In his latest 2020 mock draft for The Athletic, Keith Law has the Red Sox taking University of Louisville right-hander Bobby Miller with their top pick at No. 17 overall.
Law writes the following of Miller:
Miller has been up to 98 mph as a starter with an above-average slider, showing some effort in the delivery but missing plenty of bats for the Cardinals, with mid-rotation or closer potential.
Ranked by MLB Pipeline as the No. 26 overall draft-eligible prospect and seventh among right-handed hurlers out of college, Miller posted a 2.31 ERA and .181 batting average against over four starts and 23 1/3 innings pitched for the Cardinals this season before the COVID-19 pandemic halted collegiate athletics across the country.
Listed at 6’5″ and 220 lbs., the 21-year-old junior was a 38th round selection of the Baltimore Orioles three years ago, but he opted to honor his commitment to Louisville rather than sign with the club out of high school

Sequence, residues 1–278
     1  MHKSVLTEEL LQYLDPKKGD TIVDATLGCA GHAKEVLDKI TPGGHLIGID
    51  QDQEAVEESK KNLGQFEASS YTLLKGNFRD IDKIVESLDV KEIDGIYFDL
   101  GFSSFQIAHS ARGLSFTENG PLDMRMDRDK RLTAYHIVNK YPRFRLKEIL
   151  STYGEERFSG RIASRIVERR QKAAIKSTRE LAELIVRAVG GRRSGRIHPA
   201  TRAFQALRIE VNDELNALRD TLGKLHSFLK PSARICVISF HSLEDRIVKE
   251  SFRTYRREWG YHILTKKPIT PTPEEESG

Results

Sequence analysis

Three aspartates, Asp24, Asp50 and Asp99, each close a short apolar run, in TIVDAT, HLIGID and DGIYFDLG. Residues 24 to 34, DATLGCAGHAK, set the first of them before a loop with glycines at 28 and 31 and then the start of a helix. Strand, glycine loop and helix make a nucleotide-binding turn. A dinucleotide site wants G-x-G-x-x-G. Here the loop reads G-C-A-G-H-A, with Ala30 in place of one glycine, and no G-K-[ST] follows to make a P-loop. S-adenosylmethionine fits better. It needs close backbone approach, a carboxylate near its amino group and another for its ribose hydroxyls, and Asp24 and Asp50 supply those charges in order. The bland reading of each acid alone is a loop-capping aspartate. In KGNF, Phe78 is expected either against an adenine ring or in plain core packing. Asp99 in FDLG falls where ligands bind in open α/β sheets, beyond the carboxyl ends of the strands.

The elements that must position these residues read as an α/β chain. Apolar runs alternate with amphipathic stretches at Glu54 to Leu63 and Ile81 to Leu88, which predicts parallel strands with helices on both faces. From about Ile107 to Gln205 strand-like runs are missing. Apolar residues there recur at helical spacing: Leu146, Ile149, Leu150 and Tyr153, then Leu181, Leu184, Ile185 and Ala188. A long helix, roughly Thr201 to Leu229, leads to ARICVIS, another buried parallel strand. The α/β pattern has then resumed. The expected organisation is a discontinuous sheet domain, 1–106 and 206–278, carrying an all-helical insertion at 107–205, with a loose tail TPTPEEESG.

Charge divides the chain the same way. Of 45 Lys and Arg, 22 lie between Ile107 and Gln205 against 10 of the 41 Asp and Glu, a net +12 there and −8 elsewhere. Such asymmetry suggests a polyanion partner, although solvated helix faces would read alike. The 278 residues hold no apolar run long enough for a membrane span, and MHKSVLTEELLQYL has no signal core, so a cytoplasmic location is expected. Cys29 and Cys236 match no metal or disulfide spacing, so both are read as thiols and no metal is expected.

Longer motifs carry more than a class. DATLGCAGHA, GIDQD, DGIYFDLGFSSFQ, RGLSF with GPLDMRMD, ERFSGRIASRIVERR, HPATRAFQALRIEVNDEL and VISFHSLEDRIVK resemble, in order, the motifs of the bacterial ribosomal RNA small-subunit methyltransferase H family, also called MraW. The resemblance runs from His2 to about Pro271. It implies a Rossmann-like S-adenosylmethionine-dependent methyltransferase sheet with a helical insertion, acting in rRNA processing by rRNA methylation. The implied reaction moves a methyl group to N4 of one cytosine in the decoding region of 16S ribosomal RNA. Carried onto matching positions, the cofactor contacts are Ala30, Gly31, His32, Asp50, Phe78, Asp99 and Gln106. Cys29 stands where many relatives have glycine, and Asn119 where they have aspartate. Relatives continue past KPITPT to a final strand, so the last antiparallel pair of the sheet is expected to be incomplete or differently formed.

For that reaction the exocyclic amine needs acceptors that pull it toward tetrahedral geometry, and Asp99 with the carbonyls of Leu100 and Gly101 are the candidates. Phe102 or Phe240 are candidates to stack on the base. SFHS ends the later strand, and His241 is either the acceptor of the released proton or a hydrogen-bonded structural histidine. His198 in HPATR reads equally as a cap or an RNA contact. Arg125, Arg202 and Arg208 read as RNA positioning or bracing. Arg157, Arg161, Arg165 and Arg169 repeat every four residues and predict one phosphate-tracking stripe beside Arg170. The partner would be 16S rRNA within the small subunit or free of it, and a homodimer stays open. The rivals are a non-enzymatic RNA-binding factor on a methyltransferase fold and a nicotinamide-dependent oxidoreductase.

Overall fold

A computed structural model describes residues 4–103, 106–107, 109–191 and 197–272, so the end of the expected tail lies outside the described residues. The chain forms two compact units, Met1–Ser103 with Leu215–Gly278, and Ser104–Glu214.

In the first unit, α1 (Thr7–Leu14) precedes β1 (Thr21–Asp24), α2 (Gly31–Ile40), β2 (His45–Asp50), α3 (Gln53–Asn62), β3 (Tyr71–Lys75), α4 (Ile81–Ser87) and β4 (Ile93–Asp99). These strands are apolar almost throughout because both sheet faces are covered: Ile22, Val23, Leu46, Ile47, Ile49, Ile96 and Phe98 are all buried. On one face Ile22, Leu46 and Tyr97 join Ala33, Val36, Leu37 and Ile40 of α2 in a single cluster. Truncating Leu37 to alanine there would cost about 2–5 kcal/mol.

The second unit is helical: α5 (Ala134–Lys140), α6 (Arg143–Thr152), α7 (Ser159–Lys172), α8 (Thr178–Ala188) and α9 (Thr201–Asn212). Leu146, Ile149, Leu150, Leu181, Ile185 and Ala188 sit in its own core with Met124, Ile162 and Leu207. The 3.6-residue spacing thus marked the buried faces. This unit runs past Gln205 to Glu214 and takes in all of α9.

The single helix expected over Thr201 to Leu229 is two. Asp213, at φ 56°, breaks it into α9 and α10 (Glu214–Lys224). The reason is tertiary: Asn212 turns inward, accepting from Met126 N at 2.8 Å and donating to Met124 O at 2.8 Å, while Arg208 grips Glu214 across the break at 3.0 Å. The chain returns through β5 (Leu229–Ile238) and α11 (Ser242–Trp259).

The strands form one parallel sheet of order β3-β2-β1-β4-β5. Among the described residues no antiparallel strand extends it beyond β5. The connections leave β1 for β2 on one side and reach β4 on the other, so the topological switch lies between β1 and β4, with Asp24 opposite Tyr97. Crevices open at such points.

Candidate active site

Per his MLB Pipeline scouting report, the Illinois native’s “fastball is notable for both its heat — he sat at 95-96 mph throughout his dominance of East Carolina and worked at 97-99 in shorter stints in the fall — and its heavy life. He also can miss bats with a slider/cutter that usually operates at 85-87 and reached 90 during the fall. He has faith in a splitter/changeup with similar velocity and employs a more traditional change in the low 80s.”
One thing to watch with Miller though, as Law mentions, is his delivery, which “limits his control and has some scouts wondering if he’s destined to be a reliever in the long run.”
In the months leading up to the 2020 draft, which is now just under two weeks away, the Red Sox have been linked to a handful of college pitchers, but according to MLB.com’s Jim Callis, Boston seems more likely to take a prep prospect like Mick Abel, Jared Kelley, Nick Bitsko, Ed Howard, or Pete-Crow Armstrong if one of them is still on the board at No. 17.
With chief baseball officer Chaim Bloom and amateur scouting director Paul Toboni leading the charge, the Sox will be limited to just four picks in this year’s five-round draft, the shortest in MLB’s history, and will have a grand total of $5,129,200 in slot money to spend on whichever four prospects they select from June 10 through the 11th.